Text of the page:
Resolution. Anti-aliasing. Crisp text. “Image quality.” The bugbears of virtual reality in 2016.
All of this matters not in Quake. Perfect square pixels, no shading or soft shadows. Almost wordless. It is ideally-suited to VR, in theory. In practice? Best VR time ever, so far.
One proviso, which I’ll get out the way up front: I am experiencing no small amount of motion sickness in almost everything I play on my recently-arrived Oculus Rift. Case in point: even though Quake on the Rift made me giddy with happiness, it also made me giddy with nausea. More so than most other stuff, because it’s so bloody, beautifully fast. I should note that motion sickness has not been the case for anything I’ve played on the Vive, which I’ve had for a couple of months now, and I cannot for the life of me ascertain what the difference is, given they share the same resolution and refresh rate. Annoying and confusing, but until I track down an exact cause and possible solution, I guess I’ll be spending more time with the Vive. Which means not much more Quake VR just yet.
Quake VR is a modification of Quakespasm, an OpenGL (i.e. fully 3D-accelerated) variant of the original game which adds basic, careful extra prettiness without deducting any authentic Quakiness. It looks like Quake as you remember it, basically, i.e. awesome. Doubly so in the humongo-world of VR. It’s a fairly basic port, but it works well – even down to the UI (health, ammo etc) hovering on the gun, so you can gaze down at it rather than have it perpetually stamped on the bottom of the screen. The weapon position being attached to wherever your head turns feels pretty damn off, but you can change that in settings, so the gun stays still and you can look around independently.
Mostly, though, it’s Quake In The Flesh. Enemies are man-sized (or more). The fortress/spaceship mash-up design feels solidly there. Running right up close to a foe is genuinely frightening, those ancient textures somehow making them more monstrous than pin-sharp modernity might. I think that’s why I’ve been so amazed by Quake in VR: I accept, right out the gates, that there’s no way it can look like real life, and that means I embrace it entirely as an alternate reality rather than worry that this or that doesn’t look photoreal enough. Also, it’s a chance to revisit images burned into my memory in a whole new way.
Living inside Quake, it becomes a sightseeing game as well as an action game, but of course, being Quake, you get little let up. I find myself gritting my teeth in this as I did 20 years ago, because the enemies feel so there. God, a dog lunging towards me is perfectly horrific. Quake! It’s dark and forlorn and otherwordly and, yes, scary.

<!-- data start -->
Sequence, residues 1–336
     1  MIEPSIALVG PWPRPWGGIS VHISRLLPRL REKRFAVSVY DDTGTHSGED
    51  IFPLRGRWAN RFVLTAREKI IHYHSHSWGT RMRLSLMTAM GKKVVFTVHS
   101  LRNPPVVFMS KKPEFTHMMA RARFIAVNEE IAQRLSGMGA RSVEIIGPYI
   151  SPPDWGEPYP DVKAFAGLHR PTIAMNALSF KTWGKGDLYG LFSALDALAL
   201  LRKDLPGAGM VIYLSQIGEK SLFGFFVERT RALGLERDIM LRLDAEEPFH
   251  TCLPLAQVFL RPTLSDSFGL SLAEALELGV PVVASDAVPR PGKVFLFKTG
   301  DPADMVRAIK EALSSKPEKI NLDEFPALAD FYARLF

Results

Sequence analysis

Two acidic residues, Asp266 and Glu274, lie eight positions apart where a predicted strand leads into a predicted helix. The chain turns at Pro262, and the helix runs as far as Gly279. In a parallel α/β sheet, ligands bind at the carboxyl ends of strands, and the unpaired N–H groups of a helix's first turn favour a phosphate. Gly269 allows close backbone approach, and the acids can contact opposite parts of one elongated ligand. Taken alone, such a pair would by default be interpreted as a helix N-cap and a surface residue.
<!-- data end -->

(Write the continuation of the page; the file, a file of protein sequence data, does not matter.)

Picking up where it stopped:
I admit, it’s basically what we thought VR was going to be in 1996, and it’s a crying shame that it’s taken us 20 years to get there. Naturally, old Quake doesn’t give my GPU too much of a fright even in VR, so it benefits from an “it just works” element that some actual 2016 vr fare doesn’t. The key is stylisation, though; not necessarily deliberate at the time, but like its predecessor Doom, Quake’s look has become distinctively its own, iconic and striking rather than simply aged.
Sigh. I am trying to describe the indescribable. I’ve had a rocky relationship with VR in recent months – reaching a zenith of excitement just before my Vive arrived then collapsing into a deep disappointment when I could find very little (Tiltbrush aside) software to hold my attention for long, and at how much image quality compromise there had been in order to keep things playable on current-gen PCs. The Rift has reinvigorated me to some extent, because it means I don’t hang any hats on the room-scale side of things, and also because there’s a little more in the way of modification of non-VR software for it, partly due to the run up the two devkits and a couple of years of development offered it.
American Truck Simulator, for instance, has easy Rift support but, last time I tried at least, the Vive version wasn’t anything like so happy. Clearly though, the Vive will end up with plenty more stuff in time, and the Revive project is also helping to get Oculus-specific stuff working on the HTC headset. Ultimately it won’t matter which headset you’ve got.
In any case: Quake in VR, as ancient as it is, makes me feel excited about the technology again. Fast, first-person action games with full controls do work, presuming you’re familiar enough with your mouse and keyboard to effectively use them blind, and maybe some more developers will embrace that instead of overly worrying about simpler controls. That’d be good. That’d be great.
Quake VR – or Quakespasm Rift to give it its proper name – is a free download, but you will need the .PAK files from a full copy of Quake if you want to play anything other than the shareware chapter. You can grab that from Steam for the price of a beer, though.